Sell in May and Go AwayThe market is often seasonal, rising in late winter at times. The market can run out of steam in May, with stock prices falling, causing the Summer Doldrums.
ShimmingStealing a few pennies from trades by specialists or market makers. See Trading Ahead.
StagflationA state of the economy when Unemployment is high and Inflation is high. Quite often, stagflation is caused by massive deficit spending by the Federal Government. This deficit spending reduces private sector output with higher inflation.
Summer DoldrumsStocks tend to remain flat or drop during the summer. Many people are on vacation, with trading volume usually dropping also.
Trading AheadUnethical and illegal trading by specialists or market makers. A specialist may buy a stock for themselves from John Q. Public even though a better price is available from another seller. The specialist can view bid and ask prices and then manually mis-match them, or see ahead to a less favorable price. It happens all the time in this editor's experience, by observing how long it takes for a stop order to execute after the stop price was reached. This practice is a form of shimming.
Trading ImbalanceA situation where a large block of stock is put up for sale, but not enough buyers are available for purchase, and a market maker is unable to buy the imbalance. Lightly traded and tightly held stocks are considered temporarily illiquid during such imbalances. On occasion, a trading halt is put into place until enough buyers are available to purchase the deficit. On rare occasion, a handful of buyers can buy the stock at a huge discount if the stock was not halted during the imbalance. On the New York Stock Exchange, large stocks usually have a "delayed open" for such imbalances, as a trading specialist will fill the order by lining up buyers for the block, and then open trading for the stock for the day.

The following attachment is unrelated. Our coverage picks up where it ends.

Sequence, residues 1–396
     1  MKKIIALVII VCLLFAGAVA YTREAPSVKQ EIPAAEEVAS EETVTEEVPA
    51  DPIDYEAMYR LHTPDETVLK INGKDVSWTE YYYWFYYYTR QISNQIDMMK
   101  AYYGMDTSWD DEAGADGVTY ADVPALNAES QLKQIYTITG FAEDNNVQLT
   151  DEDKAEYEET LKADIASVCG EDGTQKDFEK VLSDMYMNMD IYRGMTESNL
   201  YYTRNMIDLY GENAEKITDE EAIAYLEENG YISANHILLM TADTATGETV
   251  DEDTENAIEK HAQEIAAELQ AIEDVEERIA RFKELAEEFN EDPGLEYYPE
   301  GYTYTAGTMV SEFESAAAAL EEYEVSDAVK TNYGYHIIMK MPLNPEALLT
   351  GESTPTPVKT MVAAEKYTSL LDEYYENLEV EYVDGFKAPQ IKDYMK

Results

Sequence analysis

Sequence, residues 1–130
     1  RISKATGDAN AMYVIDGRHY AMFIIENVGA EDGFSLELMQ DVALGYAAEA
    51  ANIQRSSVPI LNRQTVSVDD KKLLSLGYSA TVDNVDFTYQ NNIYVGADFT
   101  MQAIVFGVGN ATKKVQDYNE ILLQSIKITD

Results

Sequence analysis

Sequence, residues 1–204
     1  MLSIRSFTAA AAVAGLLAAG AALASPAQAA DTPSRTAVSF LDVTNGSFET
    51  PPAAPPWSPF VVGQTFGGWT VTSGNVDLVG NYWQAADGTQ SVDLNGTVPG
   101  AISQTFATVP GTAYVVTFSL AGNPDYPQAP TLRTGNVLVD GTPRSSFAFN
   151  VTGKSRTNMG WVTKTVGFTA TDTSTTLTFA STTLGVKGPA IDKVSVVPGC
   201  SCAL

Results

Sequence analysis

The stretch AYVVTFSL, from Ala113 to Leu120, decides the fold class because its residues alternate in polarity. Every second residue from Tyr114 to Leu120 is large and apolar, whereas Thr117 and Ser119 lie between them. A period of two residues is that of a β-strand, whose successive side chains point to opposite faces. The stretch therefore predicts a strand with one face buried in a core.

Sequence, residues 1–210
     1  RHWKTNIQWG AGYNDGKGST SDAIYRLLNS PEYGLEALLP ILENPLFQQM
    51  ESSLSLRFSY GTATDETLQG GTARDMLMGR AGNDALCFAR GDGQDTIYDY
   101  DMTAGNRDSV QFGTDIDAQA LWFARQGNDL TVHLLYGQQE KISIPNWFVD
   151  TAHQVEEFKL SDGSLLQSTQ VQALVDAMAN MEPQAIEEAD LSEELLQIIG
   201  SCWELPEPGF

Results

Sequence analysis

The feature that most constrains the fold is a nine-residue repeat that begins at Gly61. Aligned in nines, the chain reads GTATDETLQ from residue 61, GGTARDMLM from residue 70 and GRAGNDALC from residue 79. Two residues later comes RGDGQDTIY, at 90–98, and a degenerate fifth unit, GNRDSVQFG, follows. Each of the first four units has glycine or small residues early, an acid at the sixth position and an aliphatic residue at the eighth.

Triple Witching HourThe final hour of trading on a Friday when stock index futures, stock index options, and stock options all expire. This happens on the third Friday in March, June, September, and December. See Quadruple Witching Hour.
UnicornA privately held company that had quickly reached one billion dollars in revenue, and is now considering going public. Such companies appear to be "mythical" like a unicorn due to their swift growth, and investment banks may actually hesitate to bring them public. Fast growing large companies awaiting favorable market conditions to go public are often referred to as unicorns.
V RallyAfter a large sell-off in the market, there is a tendency for the market to bounce back right away. It is caused by computerized trading programs. The term derives from how the move appears on a chart. Also known as the Rubber Band Effect.